Tisha B’Av 2010. Why Bother?
Wed, 07/14/2010

The margins have become the mainstream—and the vast majority of Jews today are not actively connected with a “temple” (a.k.a. synagogue). So it seems unlikely that a mid-summer day of mourning for the destruction of two ancient temples in Jerusalem could have much to recommend it. Throw in the prohibitions on eating, drinking, and shmoozing and the ruin of Tisha B’Av itself seems certain.

Yet, the irony of lamenting the irrelevance of a day like Tisha B’Av (this year, from sundown Monday evening through Tuesday evening) to most Jews today is striking. If Tisha B’Av brought the Biblical model of Judaism, centered as it was on the Temple cult to an end, it also marks the emergence, phoenix-like, of Rabbinic Judaism, a system that has sustained the Jewish people for almost 2000 years. In the 21st century, the de facto reality of a tiny minority of Jews who, even under the broadest definition, follow rabbinic law (halacha) and defer to rabbinic authority makes it clear that the paradigm has shifted once again. To be sure, contours are unclear and leadership is fragmented, but the next era, a post-Rabbinic one, is already underway.

For all the genuine grief, despair and fear this engenders among the adherents and/or proponents of Rabbinic Judaism, it’s important for all Jews to consider that Tisha B’Av is just as relevant now as it ever was. Maybe even more so as we live through this time of transition.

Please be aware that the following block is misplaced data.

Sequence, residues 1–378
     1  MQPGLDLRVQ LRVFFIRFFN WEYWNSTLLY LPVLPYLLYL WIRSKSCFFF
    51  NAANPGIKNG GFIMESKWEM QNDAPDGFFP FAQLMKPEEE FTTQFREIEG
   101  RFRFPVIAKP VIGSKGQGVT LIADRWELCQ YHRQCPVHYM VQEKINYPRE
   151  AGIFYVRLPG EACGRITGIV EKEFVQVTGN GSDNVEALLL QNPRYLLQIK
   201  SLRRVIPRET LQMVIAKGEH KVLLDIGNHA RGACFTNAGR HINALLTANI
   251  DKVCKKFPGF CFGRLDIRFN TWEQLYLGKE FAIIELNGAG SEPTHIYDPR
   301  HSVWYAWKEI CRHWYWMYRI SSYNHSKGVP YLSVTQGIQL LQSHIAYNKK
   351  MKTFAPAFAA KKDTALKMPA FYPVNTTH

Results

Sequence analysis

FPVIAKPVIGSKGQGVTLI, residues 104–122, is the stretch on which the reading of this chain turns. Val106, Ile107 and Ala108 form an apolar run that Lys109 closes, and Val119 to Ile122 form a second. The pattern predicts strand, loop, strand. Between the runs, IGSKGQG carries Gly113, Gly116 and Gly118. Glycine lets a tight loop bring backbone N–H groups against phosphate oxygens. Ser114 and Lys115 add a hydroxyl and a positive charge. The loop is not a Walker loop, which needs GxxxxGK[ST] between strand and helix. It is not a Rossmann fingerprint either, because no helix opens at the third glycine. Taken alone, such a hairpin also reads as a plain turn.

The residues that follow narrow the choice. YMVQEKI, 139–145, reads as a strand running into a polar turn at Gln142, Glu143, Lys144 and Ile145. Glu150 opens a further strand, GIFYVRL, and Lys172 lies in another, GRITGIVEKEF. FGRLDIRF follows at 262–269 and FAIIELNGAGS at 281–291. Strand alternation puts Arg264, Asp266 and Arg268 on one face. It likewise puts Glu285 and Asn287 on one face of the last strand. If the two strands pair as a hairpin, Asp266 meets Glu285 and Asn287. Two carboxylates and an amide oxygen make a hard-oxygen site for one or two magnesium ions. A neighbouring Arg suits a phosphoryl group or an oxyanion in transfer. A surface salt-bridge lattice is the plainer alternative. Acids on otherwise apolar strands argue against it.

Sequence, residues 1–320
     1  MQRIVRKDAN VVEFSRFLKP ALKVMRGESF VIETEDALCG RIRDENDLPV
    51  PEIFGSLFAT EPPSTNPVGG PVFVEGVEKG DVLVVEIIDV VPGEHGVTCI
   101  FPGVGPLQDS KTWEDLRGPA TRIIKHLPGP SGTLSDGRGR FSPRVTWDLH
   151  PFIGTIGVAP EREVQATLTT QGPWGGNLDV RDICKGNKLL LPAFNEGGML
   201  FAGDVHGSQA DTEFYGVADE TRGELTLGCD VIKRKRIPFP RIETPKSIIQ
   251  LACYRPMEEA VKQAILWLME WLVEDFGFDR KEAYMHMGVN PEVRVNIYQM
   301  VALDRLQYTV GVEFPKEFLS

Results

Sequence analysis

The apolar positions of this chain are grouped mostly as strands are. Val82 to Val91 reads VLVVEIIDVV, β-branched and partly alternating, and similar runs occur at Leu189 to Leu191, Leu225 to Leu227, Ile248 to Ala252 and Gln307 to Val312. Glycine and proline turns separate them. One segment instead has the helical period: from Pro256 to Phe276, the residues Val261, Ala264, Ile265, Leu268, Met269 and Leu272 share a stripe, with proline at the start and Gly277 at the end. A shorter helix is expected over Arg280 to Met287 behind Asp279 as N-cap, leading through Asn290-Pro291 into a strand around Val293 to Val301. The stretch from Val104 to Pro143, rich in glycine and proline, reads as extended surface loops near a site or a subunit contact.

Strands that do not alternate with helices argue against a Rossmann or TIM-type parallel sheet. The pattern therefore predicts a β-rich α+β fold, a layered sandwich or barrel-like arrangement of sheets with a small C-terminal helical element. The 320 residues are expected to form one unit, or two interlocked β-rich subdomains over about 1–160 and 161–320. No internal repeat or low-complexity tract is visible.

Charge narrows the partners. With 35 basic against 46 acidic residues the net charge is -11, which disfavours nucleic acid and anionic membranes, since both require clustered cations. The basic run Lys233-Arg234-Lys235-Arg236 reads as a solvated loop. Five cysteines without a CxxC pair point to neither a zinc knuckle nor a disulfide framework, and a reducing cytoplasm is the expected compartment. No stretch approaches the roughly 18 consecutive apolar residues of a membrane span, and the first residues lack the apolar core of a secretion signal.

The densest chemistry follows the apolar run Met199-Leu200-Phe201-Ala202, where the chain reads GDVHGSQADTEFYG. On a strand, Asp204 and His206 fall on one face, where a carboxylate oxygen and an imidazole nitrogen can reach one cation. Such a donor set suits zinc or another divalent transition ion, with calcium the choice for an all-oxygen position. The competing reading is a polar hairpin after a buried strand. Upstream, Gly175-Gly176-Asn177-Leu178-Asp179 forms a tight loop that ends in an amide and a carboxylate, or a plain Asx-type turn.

Looking at the evolution of Tisha B’Av, it is relatively easy to make a case for its observance based on the value that continues to be placed on the commemoration of events that form part of our sacred history, such as the Exodus from Egypt and the victory of the Maccabees. Equally relevant is Tisha B’Av as an opportunity for reflection on the perpetuation of immoral and unethical behaviors that were said to have caused the destruction (baseless hatred, for example). Even so, Tisha B’Av is more than a Memorial Day and quite different from Yom Kippur.

The assault, both physical and metaphysical, that has characterized Tisha B’Av, is meant to be intense. Beginning with dirges chanted in darkness, fortified through deliberate dehydration, and concluding with a redemptive lightheadedness, those Jews who submit to its strict observance are led to feel more than just hot and bothered on that day.